What’s cooking in Washington, D.C.?

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The Capital Of Top Dining

Where to begin in Washington D.C.? Most of us start, naturally, with the monuments and museums. You could spend a solid week sightseeing across the nation’s capital, and you’d still just be scratching the surface. When it comes to dining in D.C., there’s another automatic reflex people tend to have: thinking that’s it all about the power lunch. And while there’s definitely no shortage of buttoned-up steakhouses and suits in this town (it’s fair to call D.C. the power suit capital), we at FOODWORKS have watched the restaurant scene in and around the city become, in the words of the Washington Post food critic Tom Sietsema, “an embarrassment of riches.”

The D.C. area offers a virtual United Nations of cuisine. Laotian, Ethiopian, Peruvian, casual to Michelin-starred—it’s all here. We hear there are several new food halls opening, which will only add to the variety and make our work at FOODWORKS even more exciting. From buzzy spots worth every bit of hype like Bad Saint, which put the spotlight on modern Filipino food; to award-winning stalwarts like Rasika, one of the most interested Indian restaurants not just in D.C. but anywhere; to crowd-pleasing icons like Old Ebbitt Grill, there’s so much to enjoy on both sides of the aisle. There’s no debating that

Check out our other cities

See how Foodworks is changing the food scene in the below cities.

Albuquerque

Come for the nature. Stay for the New Mexican cuisine (and a lot more).

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Boston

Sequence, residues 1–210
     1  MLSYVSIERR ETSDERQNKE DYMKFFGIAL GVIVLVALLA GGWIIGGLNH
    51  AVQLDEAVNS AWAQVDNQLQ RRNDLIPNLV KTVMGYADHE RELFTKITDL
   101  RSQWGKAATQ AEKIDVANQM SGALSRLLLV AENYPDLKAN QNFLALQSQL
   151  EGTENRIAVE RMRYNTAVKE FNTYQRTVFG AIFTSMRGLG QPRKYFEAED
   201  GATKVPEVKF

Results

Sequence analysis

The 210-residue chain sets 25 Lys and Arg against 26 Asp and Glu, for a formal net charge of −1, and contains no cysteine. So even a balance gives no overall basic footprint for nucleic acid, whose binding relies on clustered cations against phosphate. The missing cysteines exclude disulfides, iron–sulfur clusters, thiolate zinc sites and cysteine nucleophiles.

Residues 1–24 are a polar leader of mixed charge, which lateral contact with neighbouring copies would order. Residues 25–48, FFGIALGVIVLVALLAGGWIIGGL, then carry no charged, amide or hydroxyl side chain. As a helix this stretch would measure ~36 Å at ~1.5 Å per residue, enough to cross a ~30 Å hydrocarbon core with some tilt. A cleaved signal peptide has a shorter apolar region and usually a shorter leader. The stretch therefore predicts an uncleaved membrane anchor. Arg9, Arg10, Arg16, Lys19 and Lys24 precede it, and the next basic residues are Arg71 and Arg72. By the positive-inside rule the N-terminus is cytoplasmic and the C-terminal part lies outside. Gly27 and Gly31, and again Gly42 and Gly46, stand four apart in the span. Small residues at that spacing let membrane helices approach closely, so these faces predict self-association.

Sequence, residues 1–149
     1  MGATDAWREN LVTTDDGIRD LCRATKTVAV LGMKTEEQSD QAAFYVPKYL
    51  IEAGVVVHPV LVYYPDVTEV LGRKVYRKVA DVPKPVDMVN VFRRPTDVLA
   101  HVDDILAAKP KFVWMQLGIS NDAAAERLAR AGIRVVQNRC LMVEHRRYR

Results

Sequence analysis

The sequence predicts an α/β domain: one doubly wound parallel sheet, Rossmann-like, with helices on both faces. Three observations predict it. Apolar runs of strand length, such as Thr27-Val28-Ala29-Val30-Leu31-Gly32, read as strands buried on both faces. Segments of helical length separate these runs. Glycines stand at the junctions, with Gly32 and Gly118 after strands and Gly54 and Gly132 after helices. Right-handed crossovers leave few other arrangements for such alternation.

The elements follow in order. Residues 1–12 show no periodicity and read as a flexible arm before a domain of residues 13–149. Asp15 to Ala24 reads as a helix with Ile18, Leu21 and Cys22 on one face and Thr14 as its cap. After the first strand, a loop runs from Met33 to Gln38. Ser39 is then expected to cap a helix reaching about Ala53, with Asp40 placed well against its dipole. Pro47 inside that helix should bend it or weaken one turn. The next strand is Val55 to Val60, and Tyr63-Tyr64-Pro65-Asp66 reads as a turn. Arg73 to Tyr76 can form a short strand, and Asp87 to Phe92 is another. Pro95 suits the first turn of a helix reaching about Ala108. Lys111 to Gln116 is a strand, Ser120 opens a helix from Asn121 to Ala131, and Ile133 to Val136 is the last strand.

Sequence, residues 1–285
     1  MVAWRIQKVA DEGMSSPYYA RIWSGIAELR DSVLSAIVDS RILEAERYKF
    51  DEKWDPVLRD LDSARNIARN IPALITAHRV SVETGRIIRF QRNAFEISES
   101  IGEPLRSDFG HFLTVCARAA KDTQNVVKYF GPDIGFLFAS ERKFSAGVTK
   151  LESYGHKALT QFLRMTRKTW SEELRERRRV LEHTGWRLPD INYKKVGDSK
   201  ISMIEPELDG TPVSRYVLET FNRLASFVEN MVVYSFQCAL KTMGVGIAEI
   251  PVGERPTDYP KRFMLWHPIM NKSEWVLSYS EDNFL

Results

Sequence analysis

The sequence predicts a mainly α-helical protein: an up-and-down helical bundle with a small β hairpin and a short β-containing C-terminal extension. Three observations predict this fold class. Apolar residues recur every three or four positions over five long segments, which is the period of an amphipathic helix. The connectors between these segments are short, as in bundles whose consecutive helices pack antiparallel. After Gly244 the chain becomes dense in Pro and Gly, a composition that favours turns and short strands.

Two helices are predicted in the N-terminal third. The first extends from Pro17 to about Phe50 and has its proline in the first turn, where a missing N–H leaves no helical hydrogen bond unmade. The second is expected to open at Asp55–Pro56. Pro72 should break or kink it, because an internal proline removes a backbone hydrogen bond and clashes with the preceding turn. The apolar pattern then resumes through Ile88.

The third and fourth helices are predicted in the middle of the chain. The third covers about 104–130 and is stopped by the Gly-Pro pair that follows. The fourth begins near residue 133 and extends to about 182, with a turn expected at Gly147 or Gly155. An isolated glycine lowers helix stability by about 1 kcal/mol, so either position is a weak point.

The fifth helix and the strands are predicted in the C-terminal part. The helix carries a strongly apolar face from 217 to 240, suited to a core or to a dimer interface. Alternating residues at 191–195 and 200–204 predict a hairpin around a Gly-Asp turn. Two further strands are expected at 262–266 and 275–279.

Behind its historic Federal-style facade lies a food scene that surprises and delights around every corner.

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Chicago

The Windy City is second to none when it comes to cool restaurants.
 

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Cincinnati

Culinary camaraderie runs deep in this Midwestern city.

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Columbus

Come explore this Midwestern magnet for big-city chefs looking to spread their creative wings.

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Denver

Go the distance in the Mile High City for excellent craft beer and much, much more.
 

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Detroit

Motor City takes pride in its neighborhood restaurants and so do we.
 

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Houston

The fourth largest U.S. city in the second largest state is cooking up big things.

 

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Madison

Hyperlocal cuisine (and plenty of cheese, sausage and beer) in a cool college town—what more could you want?

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Minneapolis

From sophisticated gastropubs to burger dives to craft donut shops, there’s nothing mini about Minneapolis dining.

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Philadelphia

There’s a lot to love in the City of Brotherly Love. Its historic food halls are a good place to start.

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Phoenix

It’s hot here—and getting hotter—thanks to our eclectic mix of partners.
 

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San Diego

Fish tacos and craft beer are just the start in sunny San Diego.  Learn more